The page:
In 2023, the United States (“U.S.”) exported $13.1 billion in corn, approximately $5.4 billion of which went to Mexico. As a result, Mexico was the largest importer of U.S. corn in 2023. According to the United States Department of Agriculture, over ninety percent of corn in the U.S. is produced using genetically engineered varieties. President López Obrador of Mexico issued two decrees prohibiting Mexico from using genetically modified corn. Because of the volume of genetically modified corn exported from the U.S., it initiated dispute settlement proceedings against Mexico.
USMCA Provision on Biotechnology
In 2018, the U.S., Canada, and Mexico (“the parties”) signed a new free trade agreement called the United States-Mexico-Canada Agreement (“USMCA”), which replaced the North American Free Trade Agreement. The USMCA went into effect in 2020 and, among other things, created new and updated existing trade provisions on agriculture, including a new section on agricultural biotechnology. As part of the USMCA, the parties agree to make specified information regarding authorizations of agricultural biotechnology publicly available. However, the parties did not agree to mandate the authorization of agricultural biotechnology products. Additionally, under the sanitary and phytosanitary provisions of the USMCA, the parties must use science-based analyses when implementing measures. A prior NALC article provides a more in-depth overview of the USMCA.
Dispute Over Genetically Modified Corn
Domestic production of genetically modified (“GM”) corn has been banned in Mexico since 2013. In December 2020, President Andrés Manuel López Obrador of Mexico issued a decree directing the biosafety authorities in Mexico to stop granting and revoke existing permits for the release of GM corn for human consumption by January 31, 2024. According to President López Obrador, the goal of this decree is to promote food security and sovereignty and protect native corn. Because the decree could potentially limit U.S. corn exports into Mexico, the U.S. government requested clarity on the decree. President López Obrador then repealed the 2020 Decree and issued a new decree. The 2023 Decree bans the use of GM corn for dough and tortillas. Further, the 2023 Decree directs the Mexican biosafety authorities to gradually substitute GM corn used for animal feed and for other forms of human consumption for non-GM corn. Because of these restrictions, the U.S. initiated dispute settlement proceedings under the USMCA claiming that the 2023 Decree violates the USMCA.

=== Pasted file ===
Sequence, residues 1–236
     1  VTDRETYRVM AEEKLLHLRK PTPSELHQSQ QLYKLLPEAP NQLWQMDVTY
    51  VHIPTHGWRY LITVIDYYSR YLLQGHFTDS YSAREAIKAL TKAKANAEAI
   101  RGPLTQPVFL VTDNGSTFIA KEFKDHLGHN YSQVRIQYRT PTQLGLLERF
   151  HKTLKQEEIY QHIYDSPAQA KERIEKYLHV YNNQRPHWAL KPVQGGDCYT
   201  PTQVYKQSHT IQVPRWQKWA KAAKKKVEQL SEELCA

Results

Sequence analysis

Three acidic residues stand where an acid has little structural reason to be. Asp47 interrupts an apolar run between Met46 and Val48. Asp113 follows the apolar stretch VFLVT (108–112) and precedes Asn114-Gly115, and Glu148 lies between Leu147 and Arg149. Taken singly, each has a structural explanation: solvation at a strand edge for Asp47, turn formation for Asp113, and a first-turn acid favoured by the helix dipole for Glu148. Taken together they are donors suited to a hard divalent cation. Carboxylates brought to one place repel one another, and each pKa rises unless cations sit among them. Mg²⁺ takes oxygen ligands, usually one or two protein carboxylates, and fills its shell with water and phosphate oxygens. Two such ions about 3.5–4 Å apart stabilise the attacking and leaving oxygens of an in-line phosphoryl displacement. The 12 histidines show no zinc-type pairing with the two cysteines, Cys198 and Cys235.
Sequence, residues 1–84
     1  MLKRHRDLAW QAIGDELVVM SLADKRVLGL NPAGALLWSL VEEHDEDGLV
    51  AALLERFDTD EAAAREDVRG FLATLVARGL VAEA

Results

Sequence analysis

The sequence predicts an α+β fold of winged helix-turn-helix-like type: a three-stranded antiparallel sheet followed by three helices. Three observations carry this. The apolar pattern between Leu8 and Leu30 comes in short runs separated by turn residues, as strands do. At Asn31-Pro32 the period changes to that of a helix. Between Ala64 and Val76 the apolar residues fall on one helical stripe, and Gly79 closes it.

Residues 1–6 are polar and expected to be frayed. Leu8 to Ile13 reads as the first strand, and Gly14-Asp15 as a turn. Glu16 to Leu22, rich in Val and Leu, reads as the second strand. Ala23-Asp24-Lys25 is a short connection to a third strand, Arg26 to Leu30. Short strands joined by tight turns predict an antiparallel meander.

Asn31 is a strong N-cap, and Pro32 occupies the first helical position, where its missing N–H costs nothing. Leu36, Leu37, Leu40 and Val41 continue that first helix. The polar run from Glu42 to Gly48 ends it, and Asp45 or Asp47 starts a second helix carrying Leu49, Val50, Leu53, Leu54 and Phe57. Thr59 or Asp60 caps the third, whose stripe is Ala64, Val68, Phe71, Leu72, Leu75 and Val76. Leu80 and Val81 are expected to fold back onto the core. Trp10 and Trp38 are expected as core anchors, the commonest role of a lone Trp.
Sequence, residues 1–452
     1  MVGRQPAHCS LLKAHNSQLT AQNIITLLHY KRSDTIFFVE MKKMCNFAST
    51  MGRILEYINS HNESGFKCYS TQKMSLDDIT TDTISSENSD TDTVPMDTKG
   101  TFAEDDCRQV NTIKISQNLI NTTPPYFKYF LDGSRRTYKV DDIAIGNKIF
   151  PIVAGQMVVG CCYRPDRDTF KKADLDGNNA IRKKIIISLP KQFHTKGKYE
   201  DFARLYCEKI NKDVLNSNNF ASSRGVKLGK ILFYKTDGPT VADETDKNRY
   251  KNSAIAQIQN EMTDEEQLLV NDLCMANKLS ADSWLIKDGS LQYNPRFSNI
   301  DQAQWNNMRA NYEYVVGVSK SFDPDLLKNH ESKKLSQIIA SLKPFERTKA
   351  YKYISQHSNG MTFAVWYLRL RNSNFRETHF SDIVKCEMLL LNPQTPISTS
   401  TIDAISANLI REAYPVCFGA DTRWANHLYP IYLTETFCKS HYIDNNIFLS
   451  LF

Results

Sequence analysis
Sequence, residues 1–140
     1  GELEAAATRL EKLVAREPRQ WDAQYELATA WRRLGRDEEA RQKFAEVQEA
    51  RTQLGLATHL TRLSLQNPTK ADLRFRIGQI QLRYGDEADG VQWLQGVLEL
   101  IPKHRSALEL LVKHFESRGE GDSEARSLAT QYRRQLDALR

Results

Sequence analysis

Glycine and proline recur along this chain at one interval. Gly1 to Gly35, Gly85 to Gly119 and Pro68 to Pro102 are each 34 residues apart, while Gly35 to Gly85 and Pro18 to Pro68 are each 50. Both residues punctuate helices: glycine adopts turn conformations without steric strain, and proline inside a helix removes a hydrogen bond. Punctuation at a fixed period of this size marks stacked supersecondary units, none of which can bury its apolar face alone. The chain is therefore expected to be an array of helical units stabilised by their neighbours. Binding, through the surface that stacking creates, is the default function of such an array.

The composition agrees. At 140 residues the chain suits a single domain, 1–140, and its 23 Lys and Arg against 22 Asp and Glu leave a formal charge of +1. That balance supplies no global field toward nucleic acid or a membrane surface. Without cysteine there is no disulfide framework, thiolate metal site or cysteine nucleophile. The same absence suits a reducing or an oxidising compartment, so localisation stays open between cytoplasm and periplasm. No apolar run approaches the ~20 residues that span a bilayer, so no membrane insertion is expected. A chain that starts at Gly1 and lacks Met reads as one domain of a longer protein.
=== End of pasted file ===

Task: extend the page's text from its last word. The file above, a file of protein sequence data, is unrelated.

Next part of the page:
The first step of the dispute settlement process under the USMCA is a consultation between the disputing parties. In June 2023, the U.S. announced a request for consultations with Mexico to try to resolve the dispute over the use of GM corn. According to Ambassador Katherine Tai, the U.S. Trade Representative, the U.S. is entering into dispute settlement consultations because “Mexico’s policies are not based on science and threaten to disrupt U.S. exports to Mexico to the detriment of agricultural producers, which in turn can exacerbate food security challenges.” These consultations did not resolve the dispute between the U.S. and Mexico.
The next step of the dispute settlement process under the USMCA is convening a formal dispute panel to resolve the dispute. On August 17, 2023, the U.S. established a dispute settlement panel under the USMCA. According to Ambassador Tai, the purpose of establishing the panel is to ensure that “Mexico eliminate[s] its USMCA-inconsistent biotechnology measures so that American farmers can continue to access the Mexican market and use innovative tools to respond to climate and food security challenges.” In the panel request, the U.S. claims the 2023 Decree violates several provisions of the USMCA. Specifically, the U.S. claims that the 2023 Decree violates the USMCA requirement that parties use science-based principles when implementing measures because the U.S. claims that scientific studies have shown GM corn is safe for human consumption.
The U.S. and Mexico will present oral arguments at the hearing in June 2024.
The panel’s final report is expected to be released in November 2024. If the panel determines that the ban is inconsistent with Mexico’s obligations under the USMCA, Mexico will have forty-five days to correct the issue. After forty-five days, if Mexico has not corrected the issue, the U.S. can suspend benefits to Mexico under the USMCA equivalent to the effect of Mexico’s ban on importing GM corn, until the U.S. and Mexico agree on a resolution to the dispute. While the dispute settlement process is underway, Mexico’s ban on importing GM corn remains in effect.
To view the full text of the USMCA, click here.
To read the U.S. Panel Request, click here.
For more NALC resources on International Agricultural Trade, click here.
For more NALC resources on Biotechnology, click here.
Powered by WPeMatico
Go to Source
Author: Samantha Capaldo